The upshot is that the Rationalist and Mystical approaches are not mutually exclusive. Mitzvah observance can improve a person’s character and also have metaphysical resonance.
I don't dispute this in theory; there's no reason why a mitzvah can't have more than one function and benefit. But I do dispute it with regard to the specific case of the Zohar's explanation of shiluach hakein. R. Student argues as follows:
While I find his study useful, I am unconvinced by R. Slifkin’s dichotomy. These two approaches are not mutually exclusive. Yes, one sees the sending away of the mother as an act of compassion and the other as an act of cruelty, but they can both be true. It is, from a bird’s perspective, tragic that her eggs are taken and she is sent away, but it is still a more merciful and compassionate way of taking the eggs.
There are two points to discuss here:
1. Would/ did the Rishonim/ Acharonim have accepted this reconciliation?
2. Can we accept this reconciliation?
Let's begin with the first question. Obviously Rambam and others who rejected kabbalah would not accept the Zohar's mystical explanation of the mitzvah (and I am not sure that Rambam would accept R. Chaim's view that a ta'am for a mitzvah is just a taste, not the reason). Furthermore, R. Student is forced to adopt the mystical position that it is praiseworthy to send away the bird even if one does not want the eggs; but Rambam explicitly writes that the Torah's ideal is that one will leave the nest alone entirely.
R. Student points to Ramban who says that there are mystical reasons for shiluach hakein as well as compassion. But Ramban does not give the specific mystical reason of the Zohar, so this is not relevant. As mentioned earlier, I am not pointing to an inherent conflict between rationalist and mystical explanations of mitzvos across the board, but rather to the specific mystical explanation given by the Zohar.
Clearly some later authorities, such as R. Baruch Epstein, saw the mystical approach as irreconcilable with the rationalist approach: "It is clear that the Torah is only granting an allowance with this, but with someone who does not all want to involve himself, it is certain that he is permitted to simply pass it by. In fact, he is making things even better for the mother and young by leaving them together."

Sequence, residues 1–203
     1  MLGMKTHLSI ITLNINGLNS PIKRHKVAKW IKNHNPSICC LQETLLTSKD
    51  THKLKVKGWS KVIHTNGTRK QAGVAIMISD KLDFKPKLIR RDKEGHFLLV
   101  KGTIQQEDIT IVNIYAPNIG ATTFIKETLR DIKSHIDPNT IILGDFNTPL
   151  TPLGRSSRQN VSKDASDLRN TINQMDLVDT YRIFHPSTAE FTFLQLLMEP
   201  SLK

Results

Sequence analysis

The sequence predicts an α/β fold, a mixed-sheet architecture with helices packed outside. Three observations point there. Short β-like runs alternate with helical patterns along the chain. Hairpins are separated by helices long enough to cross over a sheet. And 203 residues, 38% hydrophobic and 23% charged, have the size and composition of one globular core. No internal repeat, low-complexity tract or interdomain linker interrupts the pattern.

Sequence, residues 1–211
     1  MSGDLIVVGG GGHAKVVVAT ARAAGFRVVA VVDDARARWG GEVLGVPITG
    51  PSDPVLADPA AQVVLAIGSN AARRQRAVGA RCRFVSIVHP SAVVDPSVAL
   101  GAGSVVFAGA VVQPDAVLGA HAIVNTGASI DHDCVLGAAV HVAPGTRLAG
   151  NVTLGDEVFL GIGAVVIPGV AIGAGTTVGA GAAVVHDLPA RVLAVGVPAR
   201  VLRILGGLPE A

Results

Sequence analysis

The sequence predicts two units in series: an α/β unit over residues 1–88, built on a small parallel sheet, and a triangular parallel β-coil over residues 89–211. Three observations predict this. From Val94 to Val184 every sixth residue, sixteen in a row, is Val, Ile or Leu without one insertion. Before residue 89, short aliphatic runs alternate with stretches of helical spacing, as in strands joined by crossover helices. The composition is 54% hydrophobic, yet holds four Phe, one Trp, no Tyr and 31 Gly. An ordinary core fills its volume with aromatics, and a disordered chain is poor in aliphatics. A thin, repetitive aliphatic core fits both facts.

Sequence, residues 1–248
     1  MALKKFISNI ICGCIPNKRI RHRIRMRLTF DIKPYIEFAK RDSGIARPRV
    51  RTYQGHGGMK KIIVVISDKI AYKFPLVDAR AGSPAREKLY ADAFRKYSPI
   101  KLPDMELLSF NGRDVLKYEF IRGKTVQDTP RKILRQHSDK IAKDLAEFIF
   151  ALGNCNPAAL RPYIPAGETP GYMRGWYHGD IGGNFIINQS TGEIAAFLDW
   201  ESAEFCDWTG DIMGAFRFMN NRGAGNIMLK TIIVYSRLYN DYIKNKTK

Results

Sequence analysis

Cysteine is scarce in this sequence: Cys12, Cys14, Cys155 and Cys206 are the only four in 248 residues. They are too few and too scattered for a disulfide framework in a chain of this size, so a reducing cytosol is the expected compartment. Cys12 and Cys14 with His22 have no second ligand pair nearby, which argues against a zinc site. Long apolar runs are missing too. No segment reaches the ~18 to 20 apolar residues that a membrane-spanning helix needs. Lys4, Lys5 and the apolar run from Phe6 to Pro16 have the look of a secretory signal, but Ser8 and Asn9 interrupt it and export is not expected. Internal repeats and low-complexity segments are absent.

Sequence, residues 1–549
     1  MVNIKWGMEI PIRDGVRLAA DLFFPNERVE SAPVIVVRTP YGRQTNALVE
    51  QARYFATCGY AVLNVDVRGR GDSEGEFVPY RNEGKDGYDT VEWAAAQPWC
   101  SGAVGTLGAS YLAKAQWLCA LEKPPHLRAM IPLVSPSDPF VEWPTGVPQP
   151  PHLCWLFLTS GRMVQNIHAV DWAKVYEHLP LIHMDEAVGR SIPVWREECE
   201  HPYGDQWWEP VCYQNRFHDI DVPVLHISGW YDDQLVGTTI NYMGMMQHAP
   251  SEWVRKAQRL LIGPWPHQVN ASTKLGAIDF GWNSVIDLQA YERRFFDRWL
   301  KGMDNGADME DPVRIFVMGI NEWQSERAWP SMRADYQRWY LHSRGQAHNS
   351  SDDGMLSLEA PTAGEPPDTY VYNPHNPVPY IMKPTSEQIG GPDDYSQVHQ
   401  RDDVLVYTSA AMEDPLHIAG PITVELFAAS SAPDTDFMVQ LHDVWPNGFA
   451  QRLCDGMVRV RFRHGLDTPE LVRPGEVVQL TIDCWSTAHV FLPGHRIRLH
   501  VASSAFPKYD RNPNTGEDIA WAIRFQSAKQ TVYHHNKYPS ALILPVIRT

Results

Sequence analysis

And so on. I think that an analysis of the Rishonim and Acharonim will show that, at least for the most part, they were taking either the rationalist or mystical approach, and rejecting the other.
But is it possible to create a reconciliation, along the lines that R. Student suggests - "It is, from a bird’s perspective, tragic that her eggs are taken and she is sent away, but it is still a more merciful and compassionate way of taking the eggs"?
As appealing as this may be, I'm afraid that it's trying to square a circle. From the mystical perspective that the Zohar's explanation is correct, and the point of the mitzvah is to arouse Divine compassion upon the Jewish People by causing distress to the mother bird, doesn't this mean that there is a correlation between the amount of distress caused and the amount of compassion brought for the nation - and if so, why would one minimize the amount of distress by not having the bird witness you taking her young? Isn't it better for the nation that she is more distressed? And why not be cruel to non-kosher birds and other creatures, in order to have their angels complain and further bring about compassion upon the Jewish People? Wouldn't that be in the spirit of the mitzvah - or at least a good way to improve our national fate?
Conversely, from the rationalist perspective, there's simply no reason to postulate the explanation (and subsequent ramifications) of the Zohar - which is why the Rishonim didn't do so - besides the issue of whether it has any credibility as an authoritative source (as per Chasam Sofer). Furthermore, it goes against the entire worldview of the rationalist approach, as explained in my essay. One earns Divine compassion by being compassionate, not by mechanistic manipulations of angels and God which involve committing precisely the sort of acts that are ordinarily antithetical to Torah values.
We like to think of Judaism as a homogeneous, unified entity. It would certainly make our lives simpler if it were that way. Unfortunately, it's just not the case. But maybe one can take a more positive perspective on this, and conclude that Judaism has developed into a way of life that can offer meaning to very different types of people. (Although in the specific case of shiluach hakein, I can't say that I'm comfortable with the meaning that it offers to mystics!)